vention research centers. In the first wave, lasting five years, there should be a substantial increase in the funds available for peer-reviewed research projects. Preventive intervention research programs should be supported for any mental disorder where there is well-validated evidence of risk factors that appear to be modifiable. After five years, with the impact of new mid-career researchers joining the field and evidence from five years of research programs, a review should be made of the evidence. It is highly likely that several other preventive intervention research centers could be warranted at that time. Research grant support should not decrease at this time.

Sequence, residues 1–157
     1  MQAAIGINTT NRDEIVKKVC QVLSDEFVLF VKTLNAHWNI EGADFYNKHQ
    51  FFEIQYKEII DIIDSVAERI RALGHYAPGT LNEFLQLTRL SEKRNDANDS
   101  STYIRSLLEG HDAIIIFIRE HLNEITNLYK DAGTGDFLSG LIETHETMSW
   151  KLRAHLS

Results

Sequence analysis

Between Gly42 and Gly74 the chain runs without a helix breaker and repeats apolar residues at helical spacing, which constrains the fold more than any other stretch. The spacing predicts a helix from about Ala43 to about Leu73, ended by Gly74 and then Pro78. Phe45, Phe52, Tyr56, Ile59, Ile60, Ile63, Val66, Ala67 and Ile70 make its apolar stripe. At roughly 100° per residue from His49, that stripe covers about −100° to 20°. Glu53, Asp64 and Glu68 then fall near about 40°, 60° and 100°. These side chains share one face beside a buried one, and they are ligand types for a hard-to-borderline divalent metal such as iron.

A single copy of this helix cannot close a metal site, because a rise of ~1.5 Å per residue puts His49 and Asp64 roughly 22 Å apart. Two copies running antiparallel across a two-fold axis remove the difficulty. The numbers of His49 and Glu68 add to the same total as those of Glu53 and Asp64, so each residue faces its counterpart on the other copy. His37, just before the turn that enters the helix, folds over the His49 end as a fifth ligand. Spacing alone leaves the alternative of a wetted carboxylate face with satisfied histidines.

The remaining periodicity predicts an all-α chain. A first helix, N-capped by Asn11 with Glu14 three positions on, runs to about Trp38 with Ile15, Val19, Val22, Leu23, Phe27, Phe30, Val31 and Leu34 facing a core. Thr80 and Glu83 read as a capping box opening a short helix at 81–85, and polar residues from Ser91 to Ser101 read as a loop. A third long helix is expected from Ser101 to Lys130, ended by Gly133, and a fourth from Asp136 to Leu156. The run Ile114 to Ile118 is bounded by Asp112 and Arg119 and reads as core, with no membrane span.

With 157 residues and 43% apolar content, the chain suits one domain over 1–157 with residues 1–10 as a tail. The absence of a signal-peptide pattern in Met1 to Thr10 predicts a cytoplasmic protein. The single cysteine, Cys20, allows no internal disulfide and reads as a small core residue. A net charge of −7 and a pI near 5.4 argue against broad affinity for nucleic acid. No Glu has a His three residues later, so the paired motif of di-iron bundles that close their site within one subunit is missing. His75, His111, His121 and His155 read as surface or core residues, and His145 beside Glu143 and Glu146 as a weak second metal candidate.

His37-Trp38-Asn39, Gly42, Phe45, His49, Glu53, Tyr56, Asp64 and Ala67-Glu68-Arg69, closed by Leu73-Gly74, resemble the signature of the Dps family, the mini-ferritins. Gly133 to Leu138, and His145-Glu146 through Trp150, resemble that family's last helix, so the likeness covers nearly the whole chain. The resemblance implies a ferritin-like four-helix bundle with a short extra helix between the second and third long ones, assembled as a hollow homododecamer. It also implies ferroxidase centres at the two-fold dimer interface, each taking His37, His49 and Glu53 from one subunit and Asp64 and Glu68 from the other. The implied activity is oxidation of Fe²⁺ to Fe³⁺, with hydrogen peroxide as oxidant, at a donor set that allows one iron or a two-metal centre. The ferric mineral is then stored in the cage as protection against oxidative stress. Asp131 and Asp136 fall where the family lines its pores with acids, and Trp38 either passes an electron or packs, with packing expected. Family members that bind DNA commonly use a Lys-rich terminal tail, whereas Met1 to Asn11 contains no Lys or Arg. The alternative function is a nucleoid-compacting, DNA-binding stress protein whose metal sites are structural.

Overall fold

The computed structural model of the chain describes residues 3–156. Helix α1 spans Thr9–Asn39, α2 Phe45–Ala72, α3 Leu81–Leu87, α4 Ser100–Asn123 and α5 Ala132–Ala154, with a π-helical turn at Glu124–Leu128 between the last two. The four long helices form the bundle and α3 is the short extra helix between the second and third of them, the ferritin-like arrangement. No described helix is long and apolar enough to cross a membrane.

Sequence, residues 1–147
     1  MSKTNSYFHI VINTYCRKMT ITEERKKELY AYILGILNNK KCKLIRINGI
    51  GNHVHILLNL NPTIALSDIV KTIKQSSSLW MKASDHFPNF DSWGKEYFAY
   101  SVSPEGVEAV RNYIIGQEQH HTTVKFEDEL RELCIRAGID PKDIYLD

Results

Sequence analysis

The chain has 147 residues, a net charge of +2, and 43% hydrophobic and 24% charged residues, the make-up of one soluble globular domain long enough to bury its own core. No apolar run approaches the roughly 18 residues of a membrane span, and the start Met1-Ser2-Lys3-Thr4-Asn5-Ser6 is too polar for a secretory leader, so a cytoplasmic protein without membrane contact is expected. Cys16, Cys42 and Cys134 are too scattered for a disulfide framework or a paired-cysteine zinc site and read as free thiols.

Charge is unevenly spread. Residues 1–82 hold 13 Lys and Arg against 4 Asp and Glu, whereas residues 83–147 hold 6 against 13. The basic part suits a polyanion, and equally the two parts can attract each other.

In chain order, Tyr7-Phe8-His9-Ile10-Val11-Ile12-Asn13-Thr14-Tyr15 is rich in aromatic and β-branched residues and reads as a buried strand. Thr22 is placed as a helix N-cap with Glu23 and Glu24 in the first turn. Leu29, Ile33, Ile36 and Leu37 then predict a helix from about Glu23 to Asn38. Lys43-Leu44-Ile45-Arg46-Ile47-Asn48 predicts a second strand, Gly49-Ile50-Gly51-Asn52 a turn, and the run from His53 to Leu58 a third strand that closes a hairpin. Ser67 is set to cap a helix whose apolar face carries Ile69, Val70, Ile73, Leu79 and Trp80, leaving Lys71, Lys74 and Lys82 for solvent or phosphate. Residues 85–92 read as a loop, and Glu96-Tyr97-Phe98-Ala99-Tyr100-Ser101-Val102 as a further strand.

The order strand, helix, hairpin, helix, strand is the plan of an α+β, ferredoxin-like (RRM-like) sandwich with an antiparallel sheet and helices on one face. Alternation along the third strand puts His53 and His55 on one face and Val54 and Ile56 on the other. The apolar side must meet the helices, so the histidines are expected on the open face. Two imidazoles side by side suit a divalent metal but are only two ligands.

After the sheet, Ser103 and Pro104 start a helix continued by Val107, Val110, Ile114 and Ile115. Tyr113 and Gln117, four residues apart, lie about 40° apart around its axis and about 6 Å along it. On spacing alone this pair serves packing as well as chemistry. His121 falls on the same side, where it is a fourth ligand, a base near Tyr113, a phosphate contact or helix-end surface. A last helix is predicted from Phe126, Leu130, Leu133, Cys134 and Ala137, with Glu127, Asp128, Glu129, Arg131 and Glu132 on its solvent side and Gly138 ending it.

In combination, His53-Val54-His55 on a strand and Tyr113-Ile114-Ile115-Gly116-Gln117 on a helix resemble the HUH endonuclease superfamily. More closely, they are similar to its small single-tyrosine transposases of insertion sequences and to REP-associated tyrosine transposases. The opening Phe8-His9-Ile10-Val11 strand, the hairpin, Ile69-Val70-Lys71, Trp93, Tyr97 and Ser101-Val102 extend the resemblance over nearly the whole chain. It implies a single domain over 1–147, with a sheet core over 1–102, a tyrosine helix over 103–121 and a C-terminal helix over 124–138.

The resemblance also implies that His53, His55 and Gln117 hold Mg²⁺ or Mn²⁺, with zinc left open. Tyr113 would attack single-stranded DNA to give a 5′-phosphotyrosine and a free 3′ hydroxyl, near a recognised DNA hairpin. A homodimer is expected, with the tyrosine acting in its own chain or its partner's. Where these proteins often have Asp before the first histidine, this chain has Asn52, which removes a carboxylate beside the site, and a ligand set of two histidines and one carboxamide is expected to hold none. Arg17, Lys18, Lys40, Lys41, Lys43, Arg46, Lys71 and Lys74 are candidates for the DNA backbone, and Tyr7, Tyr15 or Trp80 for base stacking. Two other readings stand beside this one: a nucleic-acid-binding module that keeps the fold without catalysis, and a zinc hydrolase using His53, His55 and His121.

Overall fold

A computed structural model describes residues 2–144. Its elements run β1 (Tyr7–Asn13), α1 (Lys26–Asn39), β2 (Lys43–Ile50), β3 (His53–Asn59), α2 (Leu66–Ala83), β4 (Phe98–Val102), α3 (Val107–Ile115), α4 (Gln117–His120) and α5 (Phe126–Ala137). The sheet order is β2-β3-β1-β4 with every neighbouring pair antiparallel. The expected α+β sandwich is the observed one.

Research on sequential preventive interventions aimed at multiple risks in infancy, early childhood, and elementary school age to prevent onset of multiple behavioral problems and mental disorders should be increased immediately and substantially. This should include a large number of new research grants and at least one new specialized prevention research center. The knowledge base regarding multiple risk factors in infancy and childhood interacting in complex causal chains and resulting in multiple disorders is extensive. Data on the direct linkage to specific disorders that emerge in adolescence and adulthood are becoming available. Many rigorously designed preventive intervention programs document impacts on risk and protective factors that are likely to reduce incidence rates of mental disorders. Addressing clusters of risk and protective factors increases the chances of preventing multiple disorders, especially major depressive disorder and conduct disorder. A number of separate randomized controlled trials have demonstrated the efficacy, and in some studies the effectiveness, of specific preventive interventions across development from the prenatal period through adolescence in reducing risk factors and enhancing protective factors. These should now be combined and delivered in sequence to high-risk populations. The intervention should include high quality prenatal care, childhood immunizations, home visiting and high-quality day care (such as the Prenatal/Early Infancy Project and the Infant Health and Development Program), high quality preschool (such as the Perry Preschool Program), parenting training, and enhancement of social competence and academic performance. High priority should be given to interagency sponsorship of this research, including the specialized prevention research centers. The Department of Health and Human Services (including the Maternal and Child Health Bureau (MCHB), National Institute of Child Health and Human Development (NICHD), Administration on Children, Youth, and Families (ACYF), Substance Abuse and Mental Health Services Administration (SAMHSA), and the National Institute of Mental Health (NIMH)) and the